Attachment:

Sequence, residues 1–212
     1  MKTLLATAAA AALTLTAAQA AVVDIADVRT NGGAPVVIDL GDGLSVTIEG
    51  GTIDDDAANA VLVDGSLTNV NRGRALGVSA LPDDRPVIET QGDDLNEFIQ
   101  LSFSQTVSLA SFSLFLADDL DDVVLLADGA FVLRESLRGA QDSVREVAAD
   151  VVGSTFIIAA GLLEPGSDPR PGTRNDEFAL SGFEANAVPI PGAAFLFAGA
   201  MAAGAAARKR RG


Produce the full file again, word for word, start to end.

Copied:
Sequence, residues 1–212
     1  MKTLLATAAA AALTLTAAQA AVVDIADVRT NGGAPVVIDL GDGLSVTIEG
    51  GTIDDDAANA VLVDGSLTNV NRGRALGVSA LPDDRPVIET QGDDLNEFIQ
   101  LSFSQTVSLA SFSLFLADDL DDVVLLADGA FVLRESLRGA QDSVREVAAD
   151  VVGSTFIIAA GLLEPGSDPR PGTRNDEFAL SGFEANAVPI PGAAFLFAGA
   201  MAAGAAARKR RG